Help keep One Green Planet free and independent! Together we can ensure our platform remains a hub for empowering ideas committed to fighting for a sustainable, healthy, and compassionate world. Please support us in keeping our mission strong.
Chances are you’ve seen, or at least have heard of outdoor cats. Some may be cats who are allowed to roam outdoors by their guardians, other may be community (feral or stray) cats who call the outdoors home. In fact, the ASPCA currently estimates that there about 20 million free-roaming cats in this U.S. That figure includes a mix of truly feral cats, semi-socialized cats, and lost or abandoned cats.
For many, it’s hard to see felines living outdoors. The first instinct may be to give them a can of cat food, which is certainly a kind gesture, but in reality, feral cats are often just as safe and healthy as our own house cats. It’s been shown that feral cats have equally low rates of disease as indoor cats. The lean physique of some feral cats sometimes leads people to believe that they are starving or ill, but studies find that feral cats have healthy body weights and fat distribution. Outdoor cats tend to live much more active lives than the house cats who sleep on the side of our beds.
If a cat looks well cared for, they are more likely to return home without your help. If they do hang around, chat with your neighbors or post signs to see if you can find their family. Feral cats are afraid of people and usually, run if approached. They will not allow you to touch them and you shouldn’t try because it can endanger you or the cat. They’ll only eat food you’ve provided after you’ve moved away. A cat is probably feral if he’s still unapproachable after several days of feeding.
Of the 70 million stray animals that live in the U.S. only about six to eight million make their way into the shelter system. Only about three or four million of animals in shelters are adopted into homes. Knowing these heart-wrenching statistics, animal lovers undoubtedly want to help their feline friends. If you want to help feral community cats, other than providing them with food, here are some suggestions that may go a longer way than food.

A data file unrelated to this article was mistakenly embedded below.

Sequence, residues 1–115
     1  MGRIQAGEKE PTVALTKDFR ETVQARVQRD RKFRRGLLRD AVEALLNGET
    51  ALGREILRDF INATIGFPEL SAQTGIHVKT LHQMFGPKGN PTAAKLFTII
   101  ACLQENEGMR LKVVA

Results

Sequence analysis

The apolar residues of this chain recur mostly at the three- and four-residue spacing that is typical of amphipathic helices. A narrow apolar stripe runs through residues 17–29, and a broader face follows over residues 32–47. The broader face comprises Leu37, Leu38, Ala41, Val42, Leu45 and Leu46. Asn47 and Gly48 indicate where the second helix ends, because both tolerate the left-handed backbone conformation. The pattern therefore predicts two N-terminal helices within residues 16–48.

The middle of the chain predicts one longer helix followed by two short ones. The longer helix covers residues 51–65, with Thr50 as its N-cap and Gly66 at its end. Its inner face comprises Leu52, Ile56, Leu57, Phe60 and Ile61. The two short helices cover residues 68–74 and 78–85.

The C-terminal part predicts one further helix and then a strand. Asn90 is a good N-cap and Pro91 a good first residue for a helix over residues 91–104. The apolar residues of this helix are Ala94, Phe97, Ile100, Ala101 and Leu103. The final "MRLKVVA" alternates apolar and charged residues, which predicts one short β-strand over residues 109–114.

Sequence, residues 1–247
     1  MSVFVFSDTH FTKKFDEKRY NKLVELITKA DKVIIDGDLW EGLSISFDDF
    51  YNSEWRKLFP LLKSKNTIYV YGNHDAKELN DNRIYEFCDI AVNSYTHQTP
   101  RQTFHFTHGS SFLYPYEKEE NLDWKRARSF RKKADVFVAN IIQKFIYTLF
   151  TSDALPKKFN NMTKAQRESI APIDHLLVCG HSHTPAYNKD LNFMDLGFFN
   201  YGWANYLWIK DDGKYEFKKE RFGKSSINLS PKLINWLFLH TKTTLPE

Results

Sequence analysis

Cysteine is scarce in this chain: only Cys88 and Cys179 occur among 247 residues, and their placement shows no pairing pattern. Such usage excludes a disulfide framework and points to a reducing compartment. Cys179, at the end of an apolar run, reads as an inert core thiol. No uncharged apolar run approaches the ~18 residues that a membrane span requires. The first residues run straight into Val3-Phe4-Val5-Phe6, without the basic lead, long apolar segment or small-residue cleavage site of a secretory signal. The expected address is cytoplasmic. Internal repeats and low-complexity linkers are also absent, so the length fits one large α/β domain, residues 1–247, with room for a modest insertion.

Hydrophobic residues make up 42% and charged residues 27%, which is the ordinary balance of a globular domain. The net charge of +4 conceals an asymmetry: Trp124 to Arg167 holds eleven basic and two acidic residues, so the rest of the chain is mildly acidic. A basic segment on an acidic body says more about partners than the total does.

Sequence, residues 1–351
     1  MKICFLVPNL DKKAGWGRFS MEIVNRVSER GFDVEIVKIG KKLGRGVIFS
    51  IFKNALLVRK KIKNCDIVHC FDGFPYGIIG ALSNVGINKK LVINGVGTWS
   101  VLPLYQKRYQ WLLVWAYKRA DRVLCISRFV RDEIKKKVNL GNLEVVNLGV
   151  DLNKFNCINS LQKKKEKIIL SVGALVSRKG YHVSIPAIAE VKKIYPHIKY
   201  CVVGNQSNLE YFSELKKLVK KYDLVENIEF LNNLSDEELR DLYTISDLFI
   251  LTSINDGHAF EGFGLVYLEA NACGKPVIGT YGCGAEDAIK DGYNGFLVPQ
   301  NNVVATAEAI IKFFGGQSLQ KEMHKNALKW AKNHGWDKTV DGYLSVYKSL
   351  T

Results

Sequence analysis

Ways to Help Feral Cats
Make a Shelter
You can build a feral cat shelter yourself by constructing insulated shelter boxes to help to keep them warm and dry even on the coldest and snowiest days. This video tutorial will walk you through the necessary steps. Smaller shelters work best, as they help to recirculate cats’ own body heat. Also, be sure that cats don’t become snowed into their shelters by keeping doorways free of blowing snow and drifts.
One of the best ways to help cats is to volunteer with a rescue organization that helps manage feral cat colonies. Colonies are groups of cats that live in the same area and form a sort of family bond. Some volunteer groups work to provide shelter and food for colonies to help them get by. Although feral cats are usually very wary of people, they can come to trust volunteers – or at least, trust them enough to happily accept much-needed supplies. You can help even more cats by organizing a group of volunteers to aid feral cats while allowing them to keep their freedom.
Another way to help your community cats is to participate in Trap-Neuter-Release, or TNR, programs during the warmer months. This will help keep their populations under control in the winter. Experts debate whether TNR should be done in the winter since it requires a portion of a cat’s winter coat to be shaved and the trapping process may expose the cats to the winter elements. If TNR is attempted in the winter months, be sure that adequate shelter is provided through each step of the trapping and recovery processes.
If there’s no local group helping community cats, you can TNR the cats! You’ll find lots of great information to get the skills and confidence you need in the Neighborhood Cats TNR Handbook.
If you’ve never helped community cats before, don’t worry, you can still be an advocate.There are lots of resources, such as The Humane Society of the United States’ Lobbying 101 for Cat Advocates, to help you be the most effective advocate possible. You can also check out “Managing Community Cats: A Guide for Municipal Leaders,” which can be purchased in print form or downloaded for free.
Do you have experience with helping community cats? Leave a comment below and share with the One Green Planet community!
Lead image source: hkase/Flickr